Grassroots democracy

DFL pleased with Marshall turnout

Photo by Deb Gau Precinct caucus participants from the city of Ghent and Grandview Township gathered at a table at the Adult Community Center on Tuesday night.

MARSHALL — It wasn’t the record crowd of two years ago, but organizers at the Democratic-Farmer-Labor caucus in Marshall said it looked like good numbers of people, including some new faces, were gathering.

“We don’t really know what to expect,” said Don Edblom of the Lyon County DFL. “We’re hoping for a lot of people.”

Precinct caucus turnout can be affected by different factors, Edblom said. For one, it wasn’t a presidential election year, which tends to increase people’s interest.

Tuesday’s precinct caucus drew about 70 DFLers to the Adult Community Center in Marshall. It was one of two DFL caucus locations in Lyon County.

Caucuses weren’t only important as a way to support political parties, participants said. A message from Minnesota DFL party chairman Ken Martin, which Edblom read at the start of the event, said taking part in a precinct caucus was “participating in democracy at the grassroots level.”

Some of the main items of business that Tuesday’s caucus addressed included choosing delegates and alternates for the Lyon County DFL convention next month, deciding on party platform issues, and filling out a preference ballot for Minnesota gubernatorial candidates.

The DFL preference ballot included all six declared Democratic candidates for governor. In the running are St. Paul mayor Chris Coleman, state Rep. Tina Liebling of Rochester, state Rep. Erin Murphy of St. Paul, Minnesota State Auditor Rebecca Otto, state Rep. Paul Thissen of Minneapolis, and U.S. Rep. Tim Walz. The preference ballots will help start the official process of endorsing a DFL candidate for governor.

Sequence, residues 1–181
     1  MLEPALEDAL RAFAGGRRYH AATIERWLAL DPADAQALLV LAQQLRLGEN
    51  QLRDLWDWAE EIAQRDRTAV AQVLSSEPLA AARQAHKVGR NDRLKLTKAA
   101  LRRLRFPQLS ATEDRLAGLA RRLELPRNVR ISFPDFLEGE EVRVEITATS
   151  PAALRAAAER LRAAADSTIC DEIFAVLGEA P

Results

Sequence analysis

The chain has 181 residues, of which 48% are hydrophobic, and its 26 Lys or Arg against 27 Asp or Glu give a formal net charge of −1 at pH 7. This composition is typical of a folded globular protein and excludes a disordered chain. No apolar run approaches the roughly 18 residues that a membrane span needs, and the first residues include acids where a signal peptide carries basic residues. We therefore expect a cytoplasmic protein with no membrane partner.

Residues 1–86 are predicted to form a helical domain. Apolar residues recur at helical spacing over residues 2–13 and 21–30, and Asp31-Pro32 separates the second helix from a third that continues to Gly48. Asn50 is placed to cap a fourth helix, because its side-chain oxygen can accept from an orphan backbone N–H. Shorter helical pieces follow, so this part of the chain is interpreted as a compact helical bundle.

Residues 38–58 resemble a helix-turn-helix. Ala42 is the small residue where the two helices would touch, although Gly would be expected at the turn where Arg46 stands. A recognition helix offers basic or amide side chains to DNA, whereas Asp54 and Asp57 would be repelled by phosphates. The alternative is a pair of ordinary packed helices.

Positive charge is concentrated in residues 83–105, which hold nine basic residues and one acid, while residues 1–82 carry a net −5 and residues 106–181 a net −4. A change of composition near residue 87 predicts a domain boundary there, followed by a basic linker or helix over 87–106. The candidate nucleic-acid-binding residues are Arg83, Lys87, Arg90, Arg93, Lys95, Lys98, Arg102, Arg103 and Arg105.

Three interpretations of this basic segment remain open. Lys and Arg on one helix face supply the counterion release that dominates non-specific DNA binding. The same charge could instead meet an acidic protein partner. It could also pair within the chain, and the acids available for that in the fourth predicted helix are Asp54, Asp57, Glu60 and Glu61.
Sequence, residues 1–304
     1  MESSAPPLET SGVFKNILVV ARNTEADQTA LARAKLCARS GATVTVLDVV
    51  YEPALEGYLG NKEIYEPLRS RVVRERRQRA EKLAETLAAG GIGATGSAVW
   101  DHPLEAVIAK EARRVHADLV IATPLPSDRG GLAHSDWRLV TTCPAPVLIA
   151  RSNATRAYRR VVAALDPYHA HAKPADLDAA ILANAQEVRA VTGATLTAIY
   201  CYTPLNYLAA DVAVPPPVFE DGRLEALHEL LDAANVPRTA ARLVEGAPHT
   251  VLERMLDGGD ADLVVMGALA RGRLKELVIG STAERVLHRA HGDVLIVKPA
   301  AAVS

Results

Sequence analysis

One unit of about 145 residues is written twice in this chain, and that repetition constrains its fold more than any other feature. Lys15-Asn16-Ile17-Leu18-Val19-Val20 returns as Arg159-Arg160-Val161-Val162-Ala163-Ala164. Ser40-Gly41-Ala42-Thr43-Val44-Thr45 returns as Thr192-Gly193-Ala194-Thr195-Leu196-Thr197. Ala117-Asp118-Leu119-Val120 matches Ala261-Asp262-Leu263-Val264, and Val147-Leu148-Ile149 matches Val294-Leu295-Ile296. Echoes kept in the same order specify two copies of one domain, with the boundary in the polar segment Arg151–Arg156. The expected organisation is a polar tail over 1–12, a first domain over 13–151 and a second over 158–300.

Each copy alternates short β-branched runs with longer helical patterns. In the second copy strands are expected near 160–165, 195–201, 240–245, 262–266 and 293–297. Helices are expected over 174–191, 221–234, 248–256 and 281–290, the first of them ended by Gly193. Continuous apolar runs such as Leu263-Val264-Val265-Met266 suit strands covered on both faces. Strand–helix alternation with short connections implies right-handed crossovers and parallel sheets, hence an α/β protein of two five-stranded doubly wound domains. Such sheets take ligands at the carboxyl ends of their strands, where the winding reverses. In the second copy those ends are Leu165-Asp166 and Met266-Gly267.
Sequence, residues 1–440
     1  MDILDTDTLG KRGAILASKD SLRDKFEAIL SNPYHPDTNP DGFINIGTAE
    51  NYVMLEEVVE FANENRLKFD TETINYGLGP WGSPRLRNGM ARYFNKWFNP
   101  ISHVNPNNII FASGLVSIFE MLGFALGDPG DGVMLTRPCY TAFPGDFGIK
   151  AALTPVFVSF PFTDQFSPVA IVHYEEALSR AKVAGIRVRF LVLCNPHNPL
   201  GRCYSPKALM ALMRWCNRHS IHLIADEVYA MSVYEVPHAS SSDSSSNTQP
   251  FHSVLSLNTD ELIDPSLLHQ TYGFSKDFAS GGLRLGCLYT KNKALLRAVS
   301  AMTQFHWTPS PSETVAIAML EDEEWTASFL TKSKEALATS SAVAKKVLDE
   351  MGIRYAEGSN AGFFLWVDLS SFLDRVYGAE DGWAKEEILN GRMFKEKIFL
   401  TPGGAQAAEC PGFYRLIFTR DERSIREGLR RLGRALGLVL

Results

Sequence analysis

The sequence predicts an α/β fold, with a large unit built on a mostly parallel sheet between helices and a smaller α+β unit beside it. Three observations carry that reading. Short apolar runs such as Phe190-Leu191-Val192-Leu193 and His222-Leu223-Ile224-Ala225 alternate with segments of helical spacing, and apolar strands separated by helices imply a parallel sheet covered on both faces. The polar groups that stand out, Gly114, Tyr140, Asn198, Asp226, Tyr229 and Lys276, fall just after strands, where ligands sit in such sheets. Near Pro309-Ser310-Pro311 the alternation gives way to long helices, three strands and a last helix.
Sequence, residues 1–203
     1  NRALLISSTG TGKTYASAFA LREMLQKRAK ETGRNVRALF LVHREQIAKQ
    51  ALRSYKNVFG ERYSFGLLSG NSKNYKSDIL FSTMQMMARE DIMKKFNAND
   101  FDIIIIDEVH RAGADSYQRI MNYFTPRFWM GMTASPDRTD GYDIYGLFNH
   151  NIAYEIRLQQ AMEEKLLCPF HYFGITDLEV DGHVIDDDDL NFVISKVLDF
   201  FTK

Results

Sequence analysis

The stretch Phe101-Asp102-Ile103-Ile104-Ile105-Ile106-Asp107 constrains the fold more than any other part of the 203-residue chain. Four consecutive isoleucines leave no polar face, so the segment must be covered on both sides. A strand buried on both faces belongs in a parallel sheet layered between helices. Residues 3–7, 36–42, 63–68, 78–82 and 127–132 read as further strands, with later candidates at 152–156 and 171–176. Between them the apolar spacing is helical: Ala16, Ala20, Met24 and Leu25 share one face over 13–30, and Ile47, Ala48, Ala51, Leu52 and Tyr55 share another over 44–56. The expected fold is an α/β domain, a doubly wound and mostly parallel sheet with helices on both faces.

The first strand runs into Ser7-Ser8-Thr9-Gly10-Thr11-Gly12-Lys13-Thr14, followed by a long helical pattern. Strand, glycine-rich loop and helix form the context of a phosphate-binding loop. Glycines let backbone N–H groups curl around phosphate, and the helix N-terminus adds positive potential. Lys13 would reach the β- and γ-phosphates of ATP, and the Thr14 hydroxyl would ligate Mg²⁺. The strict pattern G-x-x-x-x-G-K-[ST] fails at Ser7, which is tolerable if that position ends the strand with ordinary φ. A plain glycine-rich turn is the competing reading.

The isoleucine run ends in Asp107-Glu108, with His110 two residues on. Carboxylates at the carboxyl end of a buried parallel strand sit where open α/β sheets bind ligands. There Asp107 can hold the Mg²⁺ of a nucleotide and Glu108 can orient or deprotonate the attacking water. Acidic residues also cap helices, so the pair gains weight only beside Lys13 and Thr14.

Complete results for the Lyon County preference ballot likely wouldn’t be available right away after the caucus in Marshall, Edblom said. He needed to collect caucus materials from the precincts gathered at the DFL caucus in Tracy, as well.

Caucus participants said it was the first time in years that Lyon County has held precinct caucuses in more than one location.

“It kind of made sense to do it that way,” Edblom said, with Tracy being the caucus location for the southern part Lyon County. In organizing this year’s caucuses, Edblom said, he took into account that southern Lyon County is in a different district for the Minnesota House of Representatives — District 22A, instead of District 16A.

In addition to area residents taking part in their caucuses, there were several observers at the event, too.

“This is part of our American national government class,” said Tara Thapa Mayar, who was one of around 10 students from Southwest Minnesota State University taking notes on what they saw. “Our professor asked us to go (to a caucus) and get to know how a caucus works.”

Of course, the democratic process wouldn’t stop with the precinct caucuses Tuesday night. The next step will be the county DFL convention in March, caucus participants said. Delegates selected Tuesday night will gather at the Adult Community Center in Marshall on March 3.

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